Sunday, May 20, 2012

Paper Research: Followed Through

This is the sixth of these process logs from Mom's folder. They're sort of logs that document her research for her spring 1994 paper From Dependence to Independence. Instead of a log, though, these are more like mini-papers that are interesting on their own. 

In this one, Mom gives a possible opening for her paper, about getting around in school and getting her first set of braces. Near the end, she also talks about why she wanted to write.
The photo is of Mom with her braces in front of her house about 1950.
The film text on the Indians was very powerful. Wish mine could be that powerful. It is very interesting when you think of the documentary as being an essay or composition first. I never thought of it in those terms. It has lots of good ideas for putting something like that together.

It is amazing to me how we as a nation can treat individuals in such a manner. It doesn't matter if they are black, white, red, poor or just look different: We need to be treated with respect. The same thing goes for the disabled individual. We are all different and all deserve a break. Now that I'm getting down to business and trying to pull all of this together so that it makes some kind of sense. I'm not quite sure how to begin. I know the beginning is the most important, as that is what keeps you reading.

Maybe a little story or anecdote to get the interest. Now should it be a personal story or not. I could dream up a number of personal stories of when I was young to break the ice. Maybe the story could be when I first went to school, something like this.

When I was a little girl, I was unable to walk. I got around the house by crawling or in a small walker. Many times my brothers or sisters would carry me. Now I was old enough to go to school. I couldn't crawl in school. Yet, I wanted to go to school. The year was 1949. No one thought much about teaching kids like me. I was already bright as we played "school" a lot and my sisters showed me the letters. My mother just decided to send me to school. My brother carried me every day to the first grade. Boy, did I feel important. I got along fine in school.

In the middle of the first year, however, mom heard of this new young doctor in the nearby town that was doing some wonderful things with these disabled kids. We were in the middle of the polio epidemic. This was a dreaded disease that struck many children and adults also. Many died and many more were crippled for life. Mine was a birth defect, but everyone assumed that I had polio, as there were so many. The new young doctor was responding to the need, I guess, that was really created by this epidemic. He also cared very deeply for his patients, many of them quite small. Because of casts put on both legs and bracing I had to miss a good deal of school the first year. I still managed to keep up and by the beginning of second grade, I was able to walk with the aid of full-length braces and crutches. They were ugly, but they worked. Oh how I longed to wear pretty shoes. But I was happy with at least some shoes and I was able to walk.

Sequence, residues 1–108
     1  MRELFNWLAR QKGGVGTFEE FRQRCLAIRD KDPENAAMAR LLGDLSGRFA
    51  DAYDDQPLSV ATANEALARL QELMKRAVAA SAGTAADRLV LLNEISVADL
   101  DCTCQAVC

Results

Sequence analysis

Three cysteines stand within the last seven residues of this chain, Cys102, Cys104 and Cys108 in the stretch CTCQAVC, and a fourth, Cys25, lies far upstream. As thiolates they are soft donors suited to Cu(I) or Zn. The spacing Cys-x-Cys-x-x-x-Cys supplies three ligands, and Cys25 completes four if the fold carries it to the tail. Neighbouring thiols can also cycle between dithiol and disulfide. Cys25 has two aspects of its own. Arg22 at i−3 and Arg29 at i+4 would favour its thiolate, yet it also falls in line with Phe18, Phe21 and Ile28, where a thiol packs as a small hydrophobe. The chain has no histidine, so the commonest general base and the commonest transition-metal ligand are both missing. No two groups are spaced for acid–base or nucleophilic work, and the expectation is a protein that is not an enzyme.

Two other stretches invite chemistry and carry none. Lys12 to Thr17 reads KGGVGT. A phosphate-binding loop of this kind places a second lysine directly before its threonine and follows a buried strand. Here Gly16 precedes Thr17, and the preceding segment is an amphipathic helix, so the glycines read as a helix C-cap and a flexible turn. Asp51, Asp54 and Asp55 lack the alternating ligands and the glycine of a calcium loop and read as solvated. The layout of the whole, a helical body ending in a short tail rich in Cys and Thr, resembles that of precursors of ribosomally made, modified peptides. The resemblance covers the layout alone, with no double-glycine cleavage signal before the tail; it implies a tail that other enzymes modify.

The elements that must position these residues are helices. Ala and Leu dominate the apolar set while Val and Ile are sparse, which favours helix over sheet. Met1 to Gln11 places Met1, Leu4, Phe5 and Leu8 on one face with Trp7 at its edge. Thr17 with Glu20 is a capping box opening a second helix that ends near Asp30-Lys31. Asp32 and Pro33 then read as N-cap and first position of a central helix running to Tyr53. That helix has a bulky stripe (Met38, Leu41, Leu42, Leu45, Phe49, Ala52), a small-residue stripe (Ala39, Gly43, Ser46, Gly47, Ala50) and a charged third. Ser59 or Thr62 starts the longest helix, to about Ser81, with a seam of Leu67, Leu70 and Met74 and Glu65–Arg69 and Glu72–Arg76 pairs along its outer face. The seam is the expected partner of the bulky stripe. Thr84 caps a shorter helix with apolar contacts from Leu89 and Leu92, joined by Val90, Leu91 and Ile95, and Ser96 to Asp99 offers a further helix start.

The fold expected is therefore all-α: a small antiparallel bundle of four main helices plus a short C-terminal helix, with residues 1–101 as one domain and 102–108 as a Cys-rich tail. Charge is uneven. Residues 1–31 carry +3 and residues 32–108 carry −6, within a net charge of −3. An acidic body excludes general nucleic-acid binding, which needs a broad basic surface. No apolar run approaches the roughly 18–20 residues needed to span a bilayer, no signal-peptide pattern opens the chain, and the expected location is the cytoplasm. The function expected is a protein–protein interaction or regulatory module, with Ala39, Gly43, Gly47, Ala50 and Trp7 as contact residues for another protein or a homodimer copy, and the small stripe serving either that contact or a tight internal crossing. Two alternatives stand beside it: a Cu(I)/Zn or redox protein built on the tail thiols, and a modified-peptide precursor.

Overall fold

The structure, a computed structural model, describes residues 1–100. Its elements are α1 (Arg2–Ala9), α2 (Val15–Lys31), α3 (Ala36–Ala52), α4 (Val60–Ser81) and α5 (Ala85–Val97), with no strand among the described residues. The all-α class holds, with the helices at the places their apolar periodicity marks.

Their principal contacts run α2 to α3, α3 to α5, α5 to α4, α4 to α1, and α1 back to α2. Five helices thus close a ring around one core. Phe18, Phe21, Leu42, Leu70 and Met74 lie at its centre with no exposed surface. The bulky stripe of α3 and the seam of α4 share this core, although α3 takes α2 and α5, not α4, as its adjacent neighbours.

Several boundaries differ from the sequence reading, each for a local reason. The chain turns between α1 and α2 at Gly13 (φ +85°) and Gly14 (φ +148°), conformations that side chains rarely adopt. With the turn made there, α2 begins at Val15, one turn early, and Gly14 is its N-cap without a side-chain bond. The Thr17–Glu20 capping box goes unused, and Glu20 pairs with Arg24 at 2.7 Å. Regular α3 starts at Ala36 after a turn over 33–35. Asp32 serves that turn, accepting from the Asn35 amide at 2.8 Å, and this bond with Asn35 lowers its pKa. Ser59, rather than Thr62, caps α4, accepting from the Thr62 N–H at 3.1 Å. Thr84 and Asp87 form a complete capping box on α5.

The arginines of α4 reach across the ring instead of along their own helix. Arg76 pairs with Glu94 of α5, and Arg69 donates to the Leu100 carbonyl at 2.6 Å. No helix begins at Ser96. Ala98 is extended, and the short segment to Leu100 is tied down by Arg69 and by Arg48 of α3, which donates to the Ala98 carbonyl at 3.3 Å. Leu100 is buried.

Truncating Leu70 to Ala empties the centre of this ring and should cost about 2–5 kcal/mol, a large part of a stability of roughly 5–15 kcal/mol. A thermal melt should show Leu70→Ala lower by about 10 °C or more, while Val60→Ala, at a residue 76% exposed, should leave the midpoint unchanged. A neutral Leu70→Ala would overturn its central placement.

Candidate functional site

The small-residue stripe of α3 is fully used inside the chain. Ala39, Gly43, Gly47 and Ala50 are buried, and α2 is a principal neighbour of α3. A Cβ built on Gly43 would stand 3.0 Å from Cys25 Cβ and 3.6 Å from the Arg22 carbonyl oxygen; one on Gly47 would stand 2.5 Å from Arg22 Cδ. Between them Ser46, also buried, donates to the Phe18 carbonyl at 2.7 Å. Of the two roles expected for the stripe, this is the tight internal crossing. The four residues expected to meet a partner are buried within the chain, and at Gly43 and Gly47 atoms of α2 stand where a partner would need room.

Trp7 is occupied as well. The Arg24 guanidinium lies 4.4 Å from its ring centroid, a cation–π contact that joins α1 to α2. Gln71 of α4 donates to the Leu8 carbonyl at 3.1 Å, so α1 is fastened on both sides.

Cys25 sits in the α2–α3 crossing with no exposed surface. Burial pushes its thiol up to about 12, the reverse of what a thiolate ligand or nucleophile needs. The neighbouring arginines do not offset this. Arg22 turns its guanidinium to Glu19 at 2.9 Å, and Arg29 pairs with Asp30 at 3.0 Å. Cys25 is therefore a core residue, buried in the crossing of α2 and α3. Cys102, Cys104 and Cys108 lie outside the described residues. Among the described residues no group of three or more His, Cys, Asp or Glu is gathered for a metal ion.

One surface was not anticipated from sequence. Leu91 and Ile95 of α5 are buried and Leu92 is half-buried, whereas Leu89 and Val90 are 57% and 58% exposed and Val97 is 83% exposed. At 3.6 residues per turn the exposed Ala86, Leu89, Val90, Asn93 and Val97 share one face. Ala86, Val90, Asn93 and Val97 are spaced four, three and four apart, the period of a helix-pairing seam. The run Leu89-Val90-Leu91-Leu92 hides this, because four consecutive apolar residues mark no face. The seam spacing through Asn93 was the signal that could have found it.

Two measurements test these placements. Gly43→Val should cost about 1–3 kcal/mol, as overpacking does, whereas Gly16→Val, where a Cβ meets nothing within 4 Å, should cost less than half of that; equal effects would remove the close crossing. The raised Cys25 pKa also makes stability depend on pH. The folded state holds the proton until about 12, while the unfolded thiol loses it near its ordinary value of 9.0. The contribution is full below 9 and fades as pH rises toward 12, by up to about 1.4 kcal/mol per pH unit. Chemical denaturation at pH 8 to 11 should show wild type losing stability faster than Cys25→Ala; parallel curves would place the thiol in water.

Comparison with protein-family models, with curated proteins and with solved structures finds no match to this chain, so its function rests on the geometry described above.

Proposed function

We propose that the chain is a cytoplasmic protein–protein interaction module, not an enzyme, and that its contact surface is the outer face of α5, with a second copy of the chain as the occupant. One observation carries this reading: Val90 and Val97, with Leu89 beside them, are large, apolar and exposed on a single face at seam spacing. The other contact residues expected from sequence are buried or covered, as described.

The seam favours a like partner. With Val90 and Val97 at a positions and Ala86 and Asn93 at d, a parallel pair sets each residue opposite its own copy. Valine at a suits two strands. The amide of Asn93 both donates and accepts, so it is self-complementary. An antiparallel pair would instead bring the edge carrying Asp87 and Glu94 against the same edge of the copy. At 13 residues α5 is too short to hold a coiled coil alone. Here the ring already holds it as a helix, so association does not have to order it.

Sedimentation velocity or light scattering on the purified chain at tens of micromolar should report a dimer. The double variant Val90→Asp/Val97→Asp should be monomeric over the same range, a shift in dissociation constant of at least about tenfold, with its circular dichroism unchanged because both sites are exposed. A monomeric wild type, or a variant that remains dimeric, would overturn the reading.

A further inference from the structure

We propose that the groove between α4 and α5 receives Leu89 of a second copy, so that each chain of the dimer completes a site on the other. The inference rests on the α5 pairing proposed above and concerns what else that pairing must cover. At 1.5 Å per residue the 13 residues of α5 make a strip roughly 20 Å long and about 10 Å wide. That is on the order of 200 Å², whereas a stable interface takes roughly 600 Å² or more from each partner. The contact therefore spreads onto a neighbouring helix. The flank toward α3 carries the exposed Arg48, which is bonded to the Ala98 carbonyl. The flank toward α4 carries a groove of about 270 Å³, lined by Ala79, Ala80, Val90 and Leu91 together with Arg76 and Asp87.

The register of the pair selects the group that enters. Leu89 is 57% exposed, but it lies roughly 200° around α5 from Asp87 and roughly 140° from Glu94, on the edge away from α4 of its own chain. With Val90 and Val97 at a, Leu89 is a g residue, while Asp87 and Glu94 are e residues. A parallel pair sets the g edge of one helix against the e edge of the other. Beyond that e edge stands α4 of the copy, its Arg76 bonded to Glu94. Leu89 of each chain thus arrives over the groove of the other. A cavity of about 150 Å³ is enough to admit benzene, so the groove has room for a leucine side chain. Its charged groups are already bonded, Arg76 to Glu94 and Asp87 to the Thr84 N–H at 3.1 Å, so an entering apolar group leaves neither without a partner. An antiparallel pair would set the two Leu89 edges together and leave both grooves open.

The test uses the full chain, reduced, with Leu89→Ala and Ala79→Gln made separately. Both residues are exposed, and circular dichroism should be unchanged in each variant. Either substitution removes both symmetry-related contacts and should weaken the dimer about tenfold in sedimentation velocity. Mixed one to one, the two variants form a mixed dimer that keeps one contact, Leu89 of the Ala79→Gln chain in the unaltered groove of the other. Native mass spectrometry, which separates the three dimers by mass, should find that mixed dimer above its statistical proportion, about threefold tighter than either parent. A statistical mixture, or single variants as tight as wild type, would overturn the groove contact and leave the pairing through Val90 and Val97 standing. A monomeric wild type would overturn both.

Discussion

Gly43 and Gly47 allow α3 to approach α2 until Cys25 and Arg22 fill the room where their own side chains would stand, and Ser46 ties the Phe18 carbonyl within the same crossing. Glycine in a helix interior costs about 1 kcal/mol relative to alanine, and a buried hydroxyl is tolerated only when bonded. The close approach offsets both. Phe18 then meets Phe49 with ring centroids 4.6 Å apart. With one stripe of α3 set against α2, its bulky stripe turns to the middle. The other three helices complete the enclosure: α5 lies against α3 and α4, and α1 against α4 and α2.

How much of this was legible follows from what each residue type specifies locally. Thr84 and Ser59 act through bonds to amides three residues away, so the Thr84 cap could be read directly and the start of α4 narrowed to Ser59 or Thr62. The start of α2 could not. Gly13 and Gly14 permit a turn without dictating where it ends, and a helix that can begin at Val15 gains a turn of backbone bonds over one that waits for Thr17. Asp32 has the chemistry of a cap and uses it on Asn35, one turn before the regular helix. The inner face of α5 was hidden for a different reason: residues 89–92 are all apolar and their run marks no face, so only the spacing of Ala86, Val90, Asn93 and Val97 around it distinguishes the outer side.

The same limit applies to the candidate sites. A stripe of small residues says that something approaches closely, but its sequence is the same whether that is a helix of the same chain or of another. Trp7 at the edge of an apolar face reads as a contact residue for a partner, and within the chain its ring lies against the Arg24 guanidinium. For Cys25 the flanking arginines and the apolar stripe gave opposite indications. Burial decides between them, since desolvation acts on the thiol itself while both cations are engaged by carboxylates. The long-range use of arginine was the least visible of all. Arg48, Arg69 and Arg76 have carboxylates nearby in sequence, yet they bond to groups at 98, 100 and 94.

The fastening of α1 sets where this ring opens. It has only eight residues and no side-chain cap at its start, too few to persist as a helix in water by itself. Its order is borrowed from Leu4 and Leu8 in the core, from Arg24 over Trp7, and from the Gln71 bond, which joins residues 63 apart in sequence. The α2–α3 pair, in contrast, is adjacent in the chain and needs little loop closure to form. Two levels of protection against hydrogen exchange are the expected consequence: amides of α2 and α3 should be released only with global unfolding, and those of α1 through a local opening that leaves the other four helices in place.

The biggest problem though was that the building was so difficult to get into. There was no way that I could handle the stairs on my own. Many times the stairs were really frightening to me. I would have loved to have some of the schools here in Iowa City. Near as I can find out, my hometown school still has all the steps.

Getting back to my mother, who never had any doubt that I could learn, assumed all along that I would go to school. I give her a lot of credit for that. She could have sheltered me from the difficult world. Not that it would have done any good as you can't be sheltered. The world is there and we must learn to live in it, and let others live in it too, and as easily as possible.

My brothers and sisters too had a large role in this. They never treated me different and took me along with them so I could really see how the world was. They made me feel important. The teachers, too, made me feel good. Since this was a small school, the class was very close. We only had about 18 kids in our grade. This number increased a little in high school. There were always two grades in our rooms. For example, first and second grade was in the same room. So every other year my sister was in my room with me. It always gave me a little confidence knowing that she was there.

This is too long for an intro. Guess I will have to shorten it somehow. Once I get started, I know that I can make it sound better. I must get my thoughts organized. I had an appointment with this fellow at the vets office Friday, but it had to be postponed because of the blizzard. We had a bad one this past week. I don't like those either. They always inhibit me from getting around. Walking is difficult, even in-building as everyone has wet feet, and makes the hard tile floors very difficult to talk on. Maybe I'm just getting old.

I wish I would have started these classes years ago. I thought about it but just never followed through. Seems like I lacked some self-confidence for myself. It has taken a long time, but I think I gained a lot of self-confidence. I seem to have the respect of the people at work. I would like to improve my present station in life by doing something good. I want to write about many of the things I mentioned above. Maybe essays or compositions, or even some short true stories about myself and how a handicapped child gets along in the world, Maybe it would help someone.

Boy did I get off track here. Hope this all makes sense. Then I hope I can make it make sense in the research paper. I have got to work on the outline. That will make sense to me.

Connie, Feb. 26, 1994

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